Cervantes: A social milestone in the fashion industry


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The fashion industry accomplished a tremendous social milestone earlier this week. Jaime Brewer, known for her activism and various roles on the tremendously popular television show “American Horror Story,” now has the honor of being the first-ever model with Down syndrome to walk the catwalk during the New York Fashion Week.

The sad thing is that this action wouldn’t even have been contemplated if we were 40 years in the past. Our nation’s treatment of individuals with Down syndrome can be called many things. Humane and admirable are not among them.

Historically speaking, the United States has treated those with Down syndrome as if they had leprosy. In 20th century, 33 of the then 48 states legalized the forced sterilization of the “Mongoloids,” as they were insensitively called. Years later, newborns with Down would often been put in institutions and asylums. From that point on, they would be hidden from the world.

In my life, there are two individuals with Down syndrome who have affected my very person. The first is my paternal aunt, Jennifer “Jenny” Cervantes, and my childhood friend Myra.

Jenny was born in 1985. According to my grandparents, the doctor looked her over shortly after she was born, and then dropped her on a hospital bed. He said she was a typical Mongoloid, one who would never talk, never walk, and never be toilet trained. “You have three other beautiful normal children,” the supposed professional said. “Don’t let this one drag down your family. I can put her in an institution before the day is over. She probably won’t live past three years, anyway.”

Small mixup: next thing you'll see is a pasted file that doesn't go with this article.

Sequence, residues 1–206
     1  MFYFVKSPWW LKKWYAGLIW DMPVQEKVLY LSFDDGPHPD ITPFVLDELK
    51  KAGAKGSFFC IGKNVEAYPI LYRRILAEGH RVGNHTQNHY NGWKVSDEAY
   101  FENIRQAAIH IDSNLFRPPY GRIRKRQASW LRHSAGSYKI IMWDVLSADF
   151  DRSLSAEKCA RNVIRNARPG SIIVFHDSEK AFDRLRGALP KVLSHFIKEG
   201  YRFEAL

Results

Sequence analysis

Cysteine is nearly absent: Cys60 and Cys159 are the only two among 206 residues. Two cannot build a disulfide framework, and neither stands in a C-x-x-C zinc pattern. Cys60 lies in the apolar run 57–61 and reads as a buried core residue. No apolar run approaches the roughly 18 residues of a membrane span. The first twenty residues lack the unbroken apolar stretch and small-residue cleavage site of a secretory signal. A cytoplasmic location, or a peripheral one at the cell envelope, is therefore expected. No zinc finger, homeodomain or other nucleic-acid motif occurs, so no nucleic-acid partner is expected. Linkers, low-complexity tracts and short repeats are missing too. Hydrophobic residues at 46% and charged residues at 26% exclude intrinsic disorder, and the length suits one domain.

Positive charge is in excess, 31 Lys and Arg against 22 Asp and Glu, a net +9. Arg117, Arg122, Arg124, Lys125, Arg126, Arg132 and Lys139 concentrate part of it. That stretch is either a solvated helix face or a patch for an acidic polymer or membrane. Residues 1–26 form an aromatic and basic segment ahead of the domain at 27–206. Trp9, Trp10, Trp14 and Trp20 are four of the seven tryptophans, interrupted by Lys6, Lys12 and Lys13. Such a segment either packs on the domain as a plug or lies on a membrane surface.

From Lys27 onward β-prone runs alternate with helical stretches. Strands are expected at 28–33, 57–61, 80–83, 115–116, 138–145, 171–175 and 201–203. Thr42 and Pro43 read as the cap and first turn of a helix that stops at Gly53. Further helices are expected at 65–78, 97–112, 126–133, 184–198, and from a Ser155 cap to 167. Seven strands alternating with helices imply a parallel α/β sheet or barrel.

My grandparents were strong enough to ignore that idiotic doctor, and my aunt was strong enough to prove him wrong. This was an achievement for her, yet to any other individual, it would be regarded as living.

What I find most troubling about this familial story of mine is the year it takes place. 1985 was a mere 30 years ago. Coincidentally, Jamie Brewer was also born in 1985. I can only presume that her parents were given the same type of “offer.” Brewer has also persevered and has lived a successful life ever since.

In an interview with CNN, Brewer stated, “Young girls and even young women [see me] and say, ‘Hey, if she can do it, so can I.’ It’s a true inspiration being a role model for any young women to [encourage them] in being who they are and showing who they are.”

While I remain deeply troubled by the errors of society’s past, I do feel some sort of pride at how quick we were able to reform. When my friend Myra was born, her mother wasn’t pushed to give her up. She was born a mere nine years after my aunt. It seems that roughly 21 years ago, true reformation in the social treatment of individuals with Down was improving. And we are now, in 2015, with Down syndrome actors and models, sharing the spotlight and being recognized as equals in their industry.

In today’s world of brutality from groups such as ISIS and other events that highlight the very worst in humanity, it is comforting to see that we still retain the ability to be progressive. Brewer, and all of the other Down-syndrome individuals who have achieved fame, have become role models and pioneers in their fields. It is because of instances such as this that I still have faith in our world.

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